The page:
Ruby 2.0 Under the Hood

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It has been now almost 4 months since__Ruby 2.0__was released. Upgrading to Ruby 2.0 coming from 1.9.3 is a much easier task than it was to upgrade from Ruby 1.8 to 1.9.

Ruby 2.0 introduces new functionality and internal changes focused on improving Ruby’s performance.

So, lets see what Ruby 2.0 has to offer. This will not be a recount of all of the features/changes but more of a list of changes with a performance impacts.

Improved method dispatch

The method dispatch mechanism is quite complex and requires a lot of work in order to execute instructions. This involves (in simple terms):

  • Method lookup in receiver and ancestors
  • Verify method parameters arity
  • Check method visibility
  • Setup of a control frame
  • Setup of local environment
  • Bytecode execution

Since version 1.9, and with the introduction of Ruby’s VM - YARV-, optimization techniques where implemented to improve the method dispatch. The first two techniques listed below were introduced with 1.9, the last two came with 2.0.

###Specialized instructions

Specialized instructions are microoptimizations where the original call is replaced with faster optimized instructions, this change allows the elimination of the dispatch cost, by making it go through a shorter way.

But this technique is limited to certain instructions that can take advantage of this, unfortunately it can’t be applied to a wide range of procedures.

###Method Caching

With Ruby we have two different method for caching, one is the inline cache which is used to cache the method lookup for a specific caller site and the other is the global cache.

Cache helps reducing the method lookup overhead, instead of searching through the receiver and ancestors, a check is done first in the global cache, then Ruby looks in the in-line cache. The final option is to perform the actual method lookup, but this last one can only happen if method has never been called or cache was invalidated.

###Cache check results

Starting from Ruby 2.0, the checks for parameters arity and method visibility are stored into the _inline cache_after the first one. There is an increase in performance because we don’t need to do those checks again if Ruby already has them in cache.

###Frameless CFUNC methods

It turns out that several CFuncs do not need to have a control frame setup, for example; a call to String#length only returns the size of the given string but does not need to know anything else about its environment, a performance gain comes from not having to build a frame for CFunc that will never use it.

GC Optimizations

###Bitmap marking

A new Garbage collector was introduced with Ruby 2.0, it’s called Bitmap marking. From now on, each Ruby heap has a corresponding bitmap - an aligned memory structure -. GC, before 2.0, it used to have a flag inside_RValue_ structures, this flag was used to mark a structure that was still referenced in our program.

The big change from Ruby 1.9 GC is that the RValue structure does not contain this flag anymore, so when the GC process sets or clears the mark, our RValue structures are not modified, since this flag is now kept in the Bitmap associated with the heap.

This allows Ruby 2.0 to introduce a feature called__Copy On Write__.

###Copy On Write

Copy On Write or simply COW allows to reduce Ruby’s process memory usage when a process is forked. Instead of duplicating the memory space on each process fork, COW allows multiple processes to share the same memory - because GC does not modify RValue structures anymore -, until one of the process modifies shared data. In some way, we can see this like a lazy memory copy.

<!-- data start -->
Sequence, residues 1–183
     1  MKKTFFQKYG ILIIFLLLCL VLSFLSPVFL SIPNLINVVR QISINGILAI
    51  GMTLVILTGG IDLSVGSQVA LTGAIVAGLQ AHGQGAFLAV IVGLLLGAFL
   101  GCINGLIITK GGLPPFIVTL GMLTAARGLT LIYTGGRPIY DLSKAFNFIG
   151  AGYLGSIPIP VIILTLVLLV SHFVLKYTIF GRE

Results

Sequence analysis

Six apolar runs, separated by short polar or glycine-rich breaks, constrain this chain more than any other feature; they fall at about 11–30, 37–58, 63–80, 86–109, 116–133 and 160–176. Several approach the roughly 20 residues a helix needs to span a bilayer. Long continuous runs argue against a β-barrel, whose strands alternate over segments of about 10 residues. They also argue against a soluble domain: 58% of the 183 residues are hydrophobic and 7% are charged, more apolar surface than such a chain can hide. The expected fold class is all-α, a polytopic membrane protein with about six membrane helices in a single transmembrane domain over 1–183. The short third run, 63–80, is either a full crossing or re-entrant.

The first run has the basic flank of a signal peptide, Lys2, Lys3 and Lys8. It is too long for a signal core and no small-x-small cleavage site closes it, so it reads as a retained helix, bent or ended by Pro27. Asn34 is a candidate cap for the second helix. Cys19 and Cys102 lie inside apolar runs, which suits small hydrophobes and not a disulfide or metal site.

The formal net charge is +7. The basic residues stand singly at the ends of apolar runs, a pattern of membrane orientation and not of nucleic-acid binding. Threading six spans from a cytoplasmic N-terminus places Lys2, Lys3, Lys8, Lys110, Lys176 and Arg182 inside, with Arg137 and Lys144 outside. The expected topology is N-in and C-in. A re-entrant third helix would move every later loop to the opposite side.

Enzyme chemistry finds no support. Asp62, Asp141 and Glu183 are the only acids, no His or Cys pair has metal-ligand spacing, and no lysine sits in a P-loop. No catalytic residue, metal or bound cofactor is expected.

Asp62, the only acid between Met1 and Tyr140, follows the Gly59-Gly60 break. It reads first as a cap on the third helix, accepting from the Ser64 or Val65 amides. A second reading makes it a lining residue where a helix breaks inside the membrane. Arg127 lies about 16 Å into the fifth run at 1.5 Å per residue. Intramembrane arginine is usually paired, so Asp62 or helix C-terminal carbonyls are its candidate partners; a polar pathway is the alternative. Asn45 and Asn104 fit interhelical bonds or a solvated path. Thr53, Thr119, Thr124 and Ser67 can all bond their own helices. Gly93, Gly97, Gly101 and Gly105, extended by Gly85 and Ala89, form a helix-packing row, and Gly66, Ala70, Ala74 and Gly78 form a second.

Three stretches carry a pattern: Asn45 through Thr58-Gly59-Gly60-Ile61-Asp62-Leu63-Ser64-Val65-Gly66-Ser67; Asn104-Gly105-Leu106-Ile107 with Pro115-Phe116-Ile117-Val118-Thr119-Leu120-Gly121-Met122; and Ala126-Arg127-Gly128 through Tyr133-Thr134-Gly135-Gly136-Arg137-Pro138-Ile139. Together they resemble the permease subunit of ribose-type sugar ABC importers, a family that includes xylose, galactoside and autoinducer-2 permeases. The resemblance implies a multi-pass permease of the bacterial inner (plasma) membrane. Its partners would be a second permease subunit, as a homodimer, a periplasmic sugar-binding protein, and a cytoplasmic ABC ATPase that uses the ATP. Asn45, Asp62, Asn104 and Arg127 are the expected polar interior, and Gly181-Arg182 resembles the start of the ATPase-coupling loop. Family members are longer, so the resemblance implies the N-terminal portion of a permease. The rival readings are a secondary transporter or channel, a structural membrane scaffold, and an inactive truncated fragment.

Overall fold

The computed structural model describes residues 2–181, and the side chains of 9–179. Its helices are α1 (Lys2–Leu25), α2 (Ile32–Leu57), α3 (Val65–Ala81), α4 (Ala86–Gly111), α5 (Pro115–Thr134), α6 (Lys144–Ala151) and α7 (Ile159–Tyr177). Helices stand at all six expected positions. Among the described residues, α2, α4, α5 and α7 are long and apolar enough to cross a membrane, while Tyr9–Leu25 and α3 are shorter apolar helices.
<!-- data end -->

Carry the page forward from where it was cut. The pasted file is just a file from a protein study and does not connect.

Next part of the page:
Unicorn’s webserver processes on a Rails application, for example, could benefit from COW. Unicorn users will be able to share memory and, by doing this, reduce the consumption of resources.

In some cases this would reduce the memory consumption of Ruby 2.0 programs and allow more processes working with less memory usage.

Faster Kernel#require

For a while there have been discussions on how to improve Kernel#require method performance, specifically for Rails applications.

Over the past years, several solutions have been offered to improve Rails’ boot. With Ruby 2.0’s release, an improvement has been done on Kernel#require that helps to improve Rails’ boot.

Here is a quick test - not scientific - that shows the difference between booting the Rails application with Ruby 1.9.3-p392 and Ruby 2.0p185.

###Ruby 1.9

$ time bundle exec rake environment
bundle exec rake environment 7.21s user 1.26s system 96% cpu 8.748 total

###Ruby 2.0

$ time bundle exec rake environment
bundle exec rake environment 4.60s user 1.18s system 91% cpu 6.289 total

My sample application is quite simple, so if you try on your own - maybe on a big Rails application - your mileage may vary.


Ruby 2.0 is a great improvement from earlier versions. It sure has a lot of eye candy features, but the most important features, are the ones related to improved performance for our web applications.

If you are at Ruby 1.9 the jump to 2.0 may be easy. If you are still at Ruby 1.8, the end of life is close, so it would be advisable to act now and upgrade your Ruby version.

As additional encouragement to switch to Ruby 2.0, bear in mind that Rails 4.0 has dropped support for Ruby 1.8 and Sinatra 2.0 might do that soon as well.

Ruby 2.1’s roadmap has been announced, and chances are that it will be available around the end of 2013, for now we only know that it may include a Generational GC, which may bring even more performance improvements to Ruby. Let’s see how that goes.


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